Its 2017… Where is the hype for disabilities in young adult books

Disclaimer this post will mainly focus on Autsim in books as this directly relates to me as I have a brother that is on the spectrum and I’m able to see good rep from bad (most of the time all situations differ) but I do know that we need more hype for ALL disabilities that are in our everyday life that aren’t spoken about enough.

My voice is small, my platform is small, I am grateful for every one of my friends I’ve made online blogging and being in the book community but I have a few things to say.

I have been loving the diverse books we’re getting this year, the own voice stories come to life, the great representation of LGBTQA and the inclusion of different races other than your cookie cutter white skinned blue-eyed main character, but where is the hype for books with great disability rep?

Where are the big bloggers and booktubers yelling about how good this book was staring Autism, the twitter count downs about when a the preorder is going to be in our hands finally, the people commenting on an insta pic saying they can’t wait to get their hands on a book where the main character has autism and kicks ass on the daily?

“If I could snap my fingers and be nonautistic, I would not. Autism is part of what I am.” ― Temple Grandin.pngI see so many great posts that give recommendations for POC  and LGBTQA reads but will rarely see a post that recommends me a book that has a disabled character.

Where are my twitter threads about the stigma surrounding disabilities and why YA books are all able-bodied asides from a small amount of contemporaries, where’s my Sci Fi staring a character with Autism? Where’s my Fantasy book with a character on the spectrum? Where’s my horror that DOESN’T portray the disability to be evil. Where is the outrage of disability stigma and the media feeding off disabled people and labelling them as dangerous or using them as their villain?

I can do only so much as one small voice, I can shout and shove books in people’s faces but the real influence comes from all of us and yes bloggers/booktubers with a larger fan base. And why don’t they talk about Autism in literature? Why is it such a tough subject to touch on? Because people who aren’t directly affected or know anyone who has autism are scared to speak up but we need to raise our voices if we can ever lift this stigma.

autism 2.png

My brother is on the spectrum, he was diagnosed at 4 years old, he’s non verbal and will be dependent on us, his family for the rest of his life. He is not able to speak for himself, he is not able to wipe the look off people face when they stare in public, he is not able to stop people’s uneducated comments like “oh but he’s so handsome he doesn’t look autistic” seriously what does Autism look like? I use to get mad at these people (I still do but I’m working on it) but it’s not from them being assholes on purpose(although there is the exception) it’s from them being uneducated, from people not speaking about Autism openly and often, it’s from not seeing it accurately represented in media like young adult books or when it is a good representation the book is still so underrated.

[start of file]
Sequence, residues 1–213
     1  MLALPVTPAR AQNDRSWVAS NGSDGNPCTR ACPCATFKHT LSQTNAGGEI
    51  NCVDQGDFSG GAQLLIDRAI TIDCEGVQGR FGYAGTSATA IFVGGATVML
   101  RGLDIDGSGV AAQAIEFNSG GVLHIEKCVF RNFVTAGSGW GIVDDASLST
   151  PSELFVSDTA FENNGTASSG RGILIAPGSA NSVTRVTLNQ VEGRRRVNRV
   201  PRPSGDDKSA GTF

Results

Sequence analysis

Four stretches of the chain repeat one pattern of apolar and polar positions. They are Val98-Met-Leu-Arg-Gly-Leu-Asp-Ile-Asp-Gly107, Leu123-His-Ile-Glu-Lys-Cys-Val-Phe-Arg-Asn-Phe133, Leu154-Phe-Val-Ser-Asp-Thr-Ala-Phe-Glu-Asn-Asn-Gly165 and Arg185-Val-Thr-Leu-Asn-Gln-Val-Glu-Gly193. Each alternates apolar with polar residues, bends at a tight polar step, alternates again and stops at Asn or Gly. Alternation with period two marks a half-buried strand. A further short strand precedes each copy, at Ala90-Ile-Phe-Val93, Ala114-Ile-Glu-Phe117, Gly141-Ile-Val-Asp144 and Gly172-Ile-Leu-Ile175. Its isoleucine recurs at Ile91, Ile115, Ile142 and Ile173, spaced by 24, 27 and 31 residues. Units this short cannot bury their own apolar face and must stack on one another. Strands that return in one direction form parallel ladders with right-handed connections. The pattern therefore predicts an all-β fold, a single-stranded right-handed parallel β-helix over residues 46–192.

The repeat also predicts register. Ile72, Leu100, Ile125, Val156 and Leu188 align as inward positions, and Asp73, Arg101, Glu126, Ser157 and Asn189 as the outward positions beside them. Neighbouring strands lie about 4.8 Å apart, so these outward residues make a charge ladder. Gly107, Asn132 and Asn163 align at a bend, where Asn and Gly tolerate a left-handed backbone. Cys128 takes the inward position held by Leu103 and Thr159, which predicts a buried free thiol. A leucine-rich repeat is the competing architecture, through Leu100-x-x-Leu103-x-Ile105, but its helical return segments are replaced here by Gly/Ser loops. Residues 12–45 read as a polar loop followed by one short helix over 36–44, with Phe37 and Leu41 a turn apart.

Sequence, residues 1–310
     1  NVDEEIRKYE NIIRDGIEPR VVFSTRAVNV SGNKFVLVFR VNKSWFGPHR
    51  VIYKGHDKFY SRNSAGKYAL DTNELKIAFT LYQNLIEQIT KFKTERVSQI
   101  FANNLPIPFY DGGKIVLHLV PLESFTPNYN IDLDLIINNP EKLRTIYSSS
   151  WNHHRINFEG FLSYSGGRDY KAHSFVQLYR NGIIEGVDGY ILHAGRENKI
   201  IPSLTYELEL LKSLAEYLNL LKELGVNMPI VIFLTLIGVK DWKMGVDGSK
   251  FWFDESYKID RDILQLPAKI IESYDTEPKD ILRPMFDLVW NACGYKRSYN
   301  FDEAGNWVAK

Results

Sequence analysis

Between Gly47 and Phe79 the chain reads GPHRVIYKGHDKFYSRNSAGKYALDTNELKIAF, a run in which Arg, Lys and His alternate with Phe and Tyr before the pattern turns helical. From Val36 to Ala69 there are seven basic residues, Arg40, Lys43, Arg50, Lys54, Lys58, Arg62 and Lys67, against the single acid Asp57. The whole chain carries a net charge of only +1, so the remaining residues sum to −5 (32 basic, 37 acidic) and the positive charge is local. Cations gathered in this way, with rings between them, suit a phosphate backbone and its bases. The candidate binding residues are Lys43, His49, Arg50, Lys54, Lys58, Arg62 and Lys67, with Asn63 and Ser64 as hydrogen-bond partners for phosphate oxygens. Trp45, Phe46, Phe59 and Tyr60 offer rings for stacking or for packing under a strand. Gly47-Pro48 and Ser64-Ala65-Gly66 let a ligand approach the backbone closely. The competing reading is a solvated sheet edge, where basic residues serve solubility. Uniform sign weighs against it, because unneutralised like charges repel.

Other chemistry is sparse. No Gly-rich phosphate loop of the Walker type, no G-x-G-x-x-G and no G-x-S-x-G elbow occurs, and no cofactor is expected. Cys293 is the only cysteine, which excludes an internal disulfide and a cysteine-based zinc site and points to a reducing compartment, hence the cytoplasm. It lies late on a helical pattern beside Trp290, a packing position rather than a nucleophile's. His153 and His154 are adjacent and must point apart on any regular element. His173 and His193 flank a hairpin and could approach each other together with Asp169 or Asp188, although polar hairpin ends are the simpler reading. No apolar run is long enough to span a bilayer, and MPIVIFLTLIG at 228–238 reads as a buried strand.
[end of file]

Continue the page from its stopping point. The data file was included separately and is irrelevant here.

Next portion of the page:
Why are there barely any books that feature a female main character with Autism that is hyped? Where is my hyped book that has a POC character on the spectrum? Where is my hype for LGBTQA rep for a character on the spectrum?

It’s lost, it’s lost in a sea of books that are half the story, it’s lost because people don’t understand or recognise how underrepresented disabilities are. For all the own voice and POC & LGBTQA reps and people actively working on getting these stories into the hands of readers I ask you to make sure you spread your diversity and engage your audience to read more books that shine light on what it is like to have a disability too, what it is like to face the stigma and not be able to make your own voice known, what it is like to raise a child with Autism, what it is like to have a brother and sister with Autism, what we face everyday from people being uneducated, the struggles, the laughter, the frustration.